Memories of beating old enemy are not so distant

Stephen Brenkley
Saturday 01 March 2003 01:00
comments

Australia can be beaten at one-day cricket. The records show it. Sri Lanka, for instance, did it seven weeks ago. Why, even England were at it little more than four years ago.

It was a warm January night in Sydney, but a chill ran through the England dressing-room when they fell to 39 for 2 in the fifth match of the Carlton & United Series. Two days earlier in Melbourne, the tourists had been chastened when Australia galloped home by nine wickets. A reconstruction was in the making.

Instead, an accomplished partnership ensued. Graeme Hick batted with calm authority. He did not rush his attacking shots, his placement was impeccable and his later hitting was powerfully dismissive. Hick made 108 from 129 balls, but it was only his third hundred in 79 one-day matches.

The man at the other end had been less prolific. It was Nasser Hussain, now the captain but then still an apprentice limited-overs player. In 19 previous innings he had not made a single half-century. But that night at the SCG his placement and hard running were key elements in an innings of 93 from 114 balls.

What really stood out about the innings was its great sense. After 15 overs, England were 55 for two and after 20 were 77 for two. But in the 30 overs afterwards they added another 205. Hick and Hussain made 190 between them. It demonstrated that the preservation of wickets could lead to riches.

No side had ever made so many to win a one-dayer in Australia. The home side had their moments after they, too, lost two early wickets. Darren Lehmann and Mark Waugh put on 115 for the third wicket. But when Waugh was out and his brother, Steve, popped his second ball to mid-off, they were probably asking too much.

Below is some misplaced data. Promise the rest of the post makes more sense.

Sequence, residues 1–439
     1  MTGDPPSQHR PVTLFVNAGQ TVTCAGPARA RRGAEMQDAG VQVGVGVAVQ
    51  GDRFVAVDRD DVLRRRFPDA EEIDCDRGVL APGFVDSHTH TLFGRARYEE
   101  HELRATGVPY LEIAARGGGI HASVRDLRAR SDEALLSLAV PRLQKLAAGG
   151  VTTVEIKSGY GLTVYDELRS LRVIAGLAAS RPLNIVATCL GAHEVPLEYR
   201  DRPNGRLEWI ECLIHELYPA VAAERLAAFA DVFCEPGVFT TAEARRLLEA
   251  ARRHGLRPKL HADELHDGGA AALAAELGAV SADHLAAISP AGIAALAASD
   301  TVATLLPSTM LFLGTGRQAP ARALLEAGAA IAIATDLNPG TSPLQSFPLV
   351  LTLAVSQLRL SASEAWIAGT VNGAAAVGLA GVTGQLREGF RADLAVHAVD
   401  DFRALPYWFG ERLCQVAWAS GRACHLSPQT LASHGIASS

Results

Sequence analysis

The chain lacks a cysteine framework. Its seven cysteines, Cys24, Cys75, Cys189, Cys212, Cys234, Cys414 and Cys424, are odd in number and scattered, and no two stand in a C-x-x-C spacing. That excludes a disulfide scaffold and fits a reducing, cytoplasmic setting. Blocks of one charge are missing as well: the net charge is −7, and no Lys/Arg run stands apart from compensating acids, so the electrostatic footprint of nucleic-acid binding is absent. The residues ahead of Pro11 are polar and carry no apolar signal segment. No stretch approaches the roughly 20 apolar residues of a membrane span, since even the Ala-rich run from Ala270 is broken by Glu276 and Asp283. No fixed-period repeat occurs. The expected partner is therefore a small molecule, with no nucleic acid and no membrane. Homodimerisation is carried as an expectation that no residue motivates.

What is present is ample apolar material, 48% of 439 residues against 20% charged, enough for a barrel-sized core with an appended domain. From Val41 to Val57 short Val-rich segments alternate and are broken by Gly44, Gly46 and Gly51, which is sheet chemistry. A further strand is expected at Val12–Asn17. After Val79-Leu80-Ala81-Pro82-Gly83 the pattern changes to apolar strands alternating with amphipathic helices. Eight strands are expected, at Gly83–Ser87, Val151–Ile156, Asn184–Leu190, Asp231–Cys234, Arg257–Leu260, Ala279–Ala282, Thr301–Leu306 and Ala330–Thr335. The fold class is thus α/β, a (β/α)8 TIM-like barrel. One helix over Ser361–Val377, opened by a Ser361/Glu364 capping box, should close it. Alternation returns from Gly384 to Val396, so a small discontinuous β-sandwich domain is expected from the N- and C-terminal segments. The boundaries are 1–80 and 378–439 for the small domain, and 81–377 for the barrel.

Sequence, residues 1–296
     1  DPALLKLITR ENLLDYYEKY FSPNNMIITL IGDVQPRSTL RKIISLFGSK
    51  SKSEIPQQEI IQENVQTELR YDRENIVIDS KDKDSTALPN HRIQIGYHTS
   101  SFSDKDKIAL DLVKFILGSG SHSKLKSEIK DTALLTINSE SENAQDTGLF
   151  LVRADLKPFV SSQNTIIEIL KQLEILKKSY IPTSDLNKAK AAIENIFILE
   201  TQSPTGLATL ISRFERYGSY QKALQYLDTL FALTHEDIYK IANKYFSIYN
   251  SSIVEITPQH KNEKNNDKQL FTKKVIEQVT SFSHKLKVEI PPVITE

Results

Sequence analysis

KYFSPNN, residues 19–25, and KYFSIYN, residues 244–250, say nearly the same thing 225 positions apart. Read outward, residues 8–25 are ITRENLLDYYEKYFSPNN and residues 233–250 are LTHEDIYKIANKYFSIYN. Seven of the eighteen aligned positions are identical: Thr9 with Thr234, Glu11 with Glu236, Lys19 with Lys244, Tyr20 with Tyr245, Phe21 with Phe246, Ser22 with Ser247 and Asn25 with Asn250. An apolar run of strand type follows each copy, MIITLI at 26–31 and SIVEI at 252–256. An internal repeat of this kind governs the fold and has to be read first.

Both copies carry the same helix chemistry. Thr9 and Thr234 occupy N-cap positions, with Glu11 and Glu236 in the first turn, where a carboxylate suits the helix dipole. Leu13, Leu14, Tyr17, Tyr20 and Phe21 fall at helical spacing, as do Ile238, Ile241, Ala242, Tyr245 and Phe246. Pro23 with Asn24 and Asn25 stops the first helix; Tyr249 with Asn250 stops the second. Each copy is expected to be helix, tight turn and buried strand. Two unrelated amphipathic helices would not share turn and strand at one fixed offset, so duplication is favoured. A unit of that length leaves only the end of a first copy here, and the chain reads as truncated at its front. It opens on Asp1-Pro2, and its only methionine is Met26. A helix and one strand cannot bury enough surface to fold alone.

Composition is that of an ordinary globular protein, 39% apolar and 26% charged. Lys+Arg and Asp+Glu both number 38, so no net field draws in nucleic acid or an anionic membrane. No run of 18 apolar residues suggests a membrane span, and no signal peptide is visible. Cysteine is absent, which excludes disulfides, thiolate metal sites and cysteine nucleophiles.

Of course, they kept going. Although Lehmann was undone by a beauty from Alan Mullally, England's captain, Alec Stewart, was running out of bowlers after Mullally and the excellent Darren Gough had used up all their overs.

Ashley Giles, playing in only his fourth one-day international, had to bowl three of the final five overs. He took some flak but he kept his nerve, took a wicket and Australia were beaten by seven runs. Michael Bevan, the best one-day finisher around, never got going.

It was ultimately an exciting finish, but England deserved to win. Nobody who watched it could possibly suspect they would follow this performance by losing 13 consecutive matches against the old enemy. They have come close to winning since, but they have failed to do what they did then in retaining their composure at the climax.

There will be men in England's team tomorrow who were there that night and can recall what it is like to beat Australia over 100 overs. Hussain, Giles, Stewart and Nick Knight can choose no more significant moment for a repeat.

Join our new commenting forum

Join thought-provoking conversations, follow other Independent readers and see their replies

View comments